The remainder of the decade saw growth in the number of therapists representing and working on the Island. In 1983, Judy Irwin was appointed a founding member of the Canadian Occupational Therapy Foundation. By 1985, there were 18 Occupational Therapists employed on Prince Edward Island and in May, two Islanders became members of the first graduating class of the School of Occupational Therapy at Dalhousie University. Dawna Clow, from Kensington, PEI and Denise Johnston, from Murray River, took positions as staff therapists at the Queen Elizabeth Hospital (PEI). Also in May, the PEIOTS became an affiliate member of the CAOT.

More opportunities to host the OT Atlantic Conference came in 1986, when it was held at the Charlottetown Hotel, and in 1989, when it was held at the CP Prince Edward Hotel. Throughout the years in between, more recognition was noted for Island therapists. In 1988, as the Registered OT Act was revised and proclaimed in the Provincial Legislature, Gladys MacMillan received a CAOT/PEIOTS citation for her contribution to and support of the profession. A year later, Kaye Reynolds received a CAOT/PEIOTS citation for her efforts in the field of rehabilitation as would Judy Irwin in 1990, Liz Townsend (Baglole) in 1991 and Mari Basiletti in 1999. The citations recognized years of service, contributions to occupational therapy and dedication to the profession.

The 1990s

This decade saw a lot activity that would affect occupational therapy pratice in PEI. Another successful OT Atlantic Conference was held at McLaughlins Hotel in Charlottetown in 1994. In 1995, the PEIOTS awarded the first Life Membership to Jackie Beacom who was retiring from her work as a therapist at Hilsborough Hospital. 

In 1996, a major revision to the Occupational Therapists’ Act was proclaimed on July 1, 1996 in the Provincial Legislature. The Registered OT Act RSPEI 1988 was repealed. The licensing body of occupational therapists in PEI, known as the PEI Association of Occupational Therapists, changed its name during this year and would now be known as the PEI Occupational Therapists Registration Board (PEIOTRB). The registration board had its first Lay Person in Nora Jenkins, Manager of Volunteer Services at the Queen Elizabeth Hospital. She served the Board from March 1995 to June 1999 and was involved in the rewriting/revision of the Act and Regulations.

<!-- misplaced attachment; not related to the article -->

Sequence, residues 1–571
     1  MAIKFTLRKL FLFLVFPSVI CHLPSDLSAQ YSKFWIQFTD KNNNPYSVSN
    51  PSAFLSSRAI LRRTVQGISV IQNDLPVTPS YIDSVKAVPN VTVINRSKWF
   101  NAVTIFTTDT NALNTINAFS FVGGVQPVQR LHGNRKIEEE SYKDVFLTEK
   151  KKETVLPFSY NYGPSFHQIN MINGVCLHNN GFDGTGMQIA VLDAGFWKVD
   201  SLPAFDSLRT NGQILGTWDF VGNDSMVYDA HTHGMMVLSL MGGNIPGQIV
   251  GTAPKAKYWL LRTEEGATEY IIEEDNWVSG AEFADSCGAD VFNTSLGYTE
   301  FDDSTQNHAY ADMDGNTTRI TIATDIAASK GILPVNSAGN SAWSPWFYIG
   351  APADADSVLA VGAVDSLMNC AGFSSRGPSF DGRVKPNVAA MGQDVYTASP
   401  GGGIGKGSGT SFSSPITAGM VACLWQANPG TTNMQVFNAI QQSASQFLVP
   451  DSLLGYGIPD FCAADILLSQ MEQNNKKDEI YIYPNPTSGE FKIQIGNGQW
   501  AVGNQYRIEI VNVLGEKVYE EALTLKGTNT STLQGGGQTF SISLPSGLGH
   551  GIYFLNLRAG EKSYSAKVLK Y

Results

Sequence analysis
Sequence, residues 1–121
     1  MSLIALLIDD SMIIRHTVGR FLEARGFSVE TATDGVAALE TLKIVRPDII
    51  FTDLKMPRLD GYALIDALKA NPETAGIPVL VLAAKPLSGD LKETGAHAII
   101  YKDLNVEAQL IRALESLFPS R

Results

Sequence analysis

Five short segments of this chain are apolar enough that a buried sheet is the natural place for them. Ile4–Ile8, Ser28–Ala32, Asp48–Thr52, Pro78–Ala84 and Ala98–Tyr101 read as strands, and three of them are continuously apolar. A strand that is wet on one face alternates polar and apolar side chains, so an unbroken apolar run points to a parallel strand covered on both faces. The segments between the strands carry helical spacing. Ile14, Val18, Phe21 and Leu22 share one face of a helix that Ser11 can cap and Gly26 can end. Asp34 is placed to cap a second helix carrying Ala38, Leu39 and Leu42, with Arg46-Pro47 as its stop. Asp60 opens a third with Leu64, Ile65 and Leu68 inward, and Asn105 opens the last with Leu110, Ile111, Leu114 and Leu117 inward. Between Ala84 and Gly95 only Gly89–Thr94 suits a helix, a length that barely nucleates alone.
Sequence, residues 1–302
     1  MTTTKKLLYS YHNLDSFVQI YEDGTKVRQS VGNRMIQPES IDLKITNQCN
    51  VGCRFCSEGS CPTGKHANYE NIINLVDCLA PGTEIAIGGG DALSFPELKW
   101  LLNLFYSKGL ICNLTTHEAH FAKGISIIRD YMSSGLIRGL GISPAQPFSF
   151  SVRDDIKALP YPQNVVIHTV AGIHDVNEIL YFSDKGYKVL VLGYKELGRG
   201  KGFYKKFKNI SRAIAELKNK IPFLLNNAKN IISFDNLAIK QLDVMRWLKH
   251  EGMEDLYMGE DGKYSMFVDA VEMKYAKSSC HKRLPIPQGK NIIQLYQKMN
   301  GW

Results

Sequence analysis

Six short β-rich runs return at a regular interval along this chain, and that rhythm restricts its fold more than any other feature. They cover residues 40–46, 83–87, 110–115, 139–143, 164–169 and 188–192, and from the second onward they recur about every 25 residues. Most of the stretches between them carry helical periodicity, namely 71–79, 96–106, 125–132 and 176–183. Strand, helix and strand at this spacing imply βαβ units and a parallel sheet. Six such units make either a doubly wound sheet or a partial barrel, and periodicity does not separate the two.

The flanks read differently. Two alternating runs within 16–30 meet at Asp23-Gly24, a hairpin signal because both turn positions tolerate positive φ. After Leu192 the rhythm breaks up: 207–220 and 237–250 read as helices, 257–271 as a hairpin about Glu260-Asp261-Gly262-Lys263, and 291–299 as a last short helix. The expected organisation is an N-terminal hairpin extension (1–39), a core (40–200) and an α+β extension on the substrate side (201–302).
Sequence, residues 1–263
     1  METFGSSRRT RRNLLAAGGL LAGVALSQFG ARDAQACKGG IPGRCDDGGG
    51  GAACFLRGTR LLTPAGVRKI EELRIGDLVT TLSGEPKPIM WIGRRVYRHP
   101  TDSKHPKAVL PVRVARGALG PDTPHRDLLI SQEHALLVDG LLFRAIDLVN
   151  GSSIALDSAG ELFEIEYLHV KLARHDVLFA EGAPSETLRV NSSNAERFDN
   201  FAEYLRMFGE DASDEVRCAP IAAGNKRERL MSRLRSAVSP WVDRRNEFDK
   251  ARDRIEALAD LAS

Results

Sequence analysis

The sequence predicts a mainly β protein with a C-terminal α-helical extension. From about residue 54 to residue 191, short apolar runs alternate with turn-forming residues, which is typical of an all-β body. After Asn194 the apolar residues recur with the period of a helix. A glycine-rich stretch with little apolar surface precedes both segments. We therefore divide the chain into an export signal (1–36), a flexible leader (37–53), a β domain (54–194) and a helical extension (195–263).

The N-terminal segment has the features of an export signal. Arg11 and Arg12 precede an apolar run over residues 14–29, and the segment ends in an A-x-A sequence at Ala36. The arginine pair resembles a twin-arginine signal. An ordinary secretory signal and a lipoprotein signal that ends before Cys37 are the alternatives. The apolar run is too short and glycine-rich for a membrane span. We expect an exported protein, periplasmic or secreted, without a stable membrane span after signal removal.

The 2000s

Four years before her retirment in 2004, Judy Irwin received a Life Membership Award in the CAOT during the national CAOT Conference in Toronto, 2000. In 2001, the Island hosted yet another OT Atlantic Conference at Shaws Hotel in Brackley. By 2004, with 33 therapists practicing on the island, the PEIOTS co-hosted the National CAOT Conference at the Delta Prince Edward Hotel in Charlottetown from June 22 – 26. The host committee represented 54% of the OTs on PEI! In attendance at this national event were 400+ registrants, of which 226 attended the Friday night social. A resounding success! This was the first ever national conference to be co-hosted with CAOT. During the Awards Ceremony at this conference, Heather Cutcliffe was awarded the CAOT Innovative Practice Award. 

Also in 2004, a third revision of the Occupational Therapy Act, which involved a major rewriting regarding the licensing of occupational therapists on PEI, went to the fall sitting of the Provincial Legislature and was given Royal Assent.

By 2005, 35 therapists were registered and liscensed to practice in the province. In October, Nora Jenkins was awarded a CAOT/PEIOTS Citation during National OT Month, at the Rodd Charlottetown Hotel, for her “exemplary commitment to the health and quality of life of residents of Prince Edward Island" as the Manager of Volunteer Services for the Queen Elizabeth Hospital and the first Lay Person for the PEIOTRB. This same year, Judy Irwin was awarded a Life Membership in the PEIOTS. And finally, in September 2006, the province, once again, played host to the OT Atlantic Conference which saw well over a hundred therapists from PEI, Nova Scotia, Newfoundland and Labrador, New Brunswick, Ontario and British Columbia attend. For the first time, the School of Occupational Therapy's Kelly Bang Lecture series was held in conjuction with the conference as a pre-conference seminar and welcomed Mary Ann McColl as the invited guest speaker.

Contributed by Judy Irwin, PEIOTS Archivist, courtesy of PEIOTS and personal collections.